Nice car. As Rick said, tire sizes need to change to accent the car a bit more. Looks like a 225/70-15 on front on a 15x7 rim. Since original size
was a 15x8 rim, the 7 looks a bit narrow. However, since these types of rims are from long ago, changing to a 15x8 would not be easy. Drop to a 225/60-15 or 235/60-15 on the next set of tires.
The 15x10 on back is good, but looks like you may have a 235/70-15 on back. A 10 inch rim screams for a minimum 255/60-15 and maybe a bit wider.
I do like the painted insert of the slots. I thought that kind of personalizes the wheels to the car.
I never did like the silver side louvers either, always thinking they were "unfinished", however, this is a very period touch to the car, as many did just that. They also chromed the wiper grill, sometimes the wiper door (very bad for driving - sun shines in your eyes), and the grills on the rear deck.
Eldon Hall, is that Cookham? South of High Wycombe? There is an interesting ghost story from there.
Now to your question, number plates. In the States, these are issued by each state after paying the registration and/or tax fee each year. At the time of this car, they were typically issued new each year. So the old ones would be taken off and discarded for the new ones. There was nothing special about the number, just a sequence of numbers from the office issuing the plate. In the mid '70s, people began more interest in personalized plate numbers and so many would issue the owner's initials at no cost, if ordered in advanced. Picking up at an office got whatever was the next on the stack. In the late '70s/early '80s, states discovered the money they could save with multiple year plates, so they began issuing plates that would be replaced every 5 years or so instead of yearly. You still paid a fee every year, though, and received a sticker for the corner to indicate the year.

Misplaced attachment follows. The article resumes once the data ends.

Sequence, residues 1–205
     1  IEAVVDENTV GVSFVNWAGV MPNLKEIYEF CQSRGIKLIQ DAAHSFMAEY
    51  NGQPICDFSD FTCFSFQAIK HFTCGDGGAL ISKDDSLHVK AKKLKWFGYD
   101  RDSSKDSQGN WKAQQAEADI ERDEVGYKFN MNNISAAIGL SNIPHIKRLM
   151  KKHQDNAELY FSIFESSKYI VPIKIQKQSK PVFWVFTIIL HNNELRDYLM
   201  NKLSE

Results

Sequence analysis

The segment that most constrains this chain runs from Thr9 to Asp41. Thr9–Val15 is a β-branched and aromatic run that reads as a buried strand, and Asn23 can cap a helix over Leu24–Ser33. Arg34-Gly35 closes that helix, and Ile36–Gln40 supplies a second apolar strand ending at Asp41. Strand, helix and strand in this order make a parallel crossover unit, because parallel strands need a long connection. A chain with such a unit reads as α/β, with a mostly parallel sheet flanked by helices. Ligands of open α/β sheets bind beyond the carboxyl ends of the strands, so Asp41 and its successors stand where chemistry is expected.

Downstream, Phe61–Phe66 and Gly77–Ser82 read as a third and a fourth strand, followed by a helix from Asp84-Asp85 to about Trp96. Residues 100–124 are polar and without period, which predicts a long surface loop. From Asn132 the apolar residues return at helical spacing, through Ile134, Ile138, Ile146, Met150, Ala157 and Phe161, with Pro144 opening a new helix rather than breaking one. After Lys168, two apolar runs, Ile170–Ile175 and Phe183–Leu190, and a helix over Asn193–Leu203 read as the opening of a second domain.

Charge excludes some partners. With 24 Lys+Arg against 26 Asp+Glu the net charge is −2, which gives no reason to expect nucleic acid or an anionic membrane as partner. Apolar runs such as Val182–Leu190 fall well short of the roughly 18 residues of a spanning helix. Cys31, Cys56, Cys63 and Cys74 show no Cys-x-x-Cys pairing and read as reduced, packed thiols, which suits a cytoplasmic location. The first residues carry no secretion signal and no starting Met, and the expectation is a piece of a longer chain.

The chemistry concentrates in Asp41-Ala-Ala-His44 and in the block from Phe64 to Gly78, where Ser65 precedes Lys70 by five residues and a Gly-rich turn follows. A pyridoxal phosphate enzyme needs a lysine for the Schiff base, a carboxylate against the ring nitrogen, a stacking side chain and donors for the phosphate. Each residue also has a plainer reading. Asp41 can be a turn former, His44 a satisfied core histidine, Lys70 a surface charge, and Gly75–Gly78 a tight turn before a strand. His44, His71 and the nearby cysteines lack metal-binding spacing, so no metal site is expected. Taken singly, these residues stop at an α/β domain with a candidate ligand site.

None of this is like England, where the plate stays with the car.
In effect, the original license plates are equivalent to a metal version of an MOT sticker. Do you have an original MOT for a 30 year old car?
Now many states have discovered people will pay a lot of money for a personalized plate and they often have a couple dozen variety to chose from, usually one for each state university, ones for ecology, environment, special events, and so on. Once you would see a license plate from Nebraska or Ohio or Florida (good grief, Florida has a different one for everyone living there, it seems!), and they were readily identified to that state. Now, there are dozens for each state, and no one knows where they are from until you read it thoroughly to find the state name somewhere on it.
A lot more than you probably wanted, and of course not what you wanted, but odds of the original license plate is like hitting the lottery.

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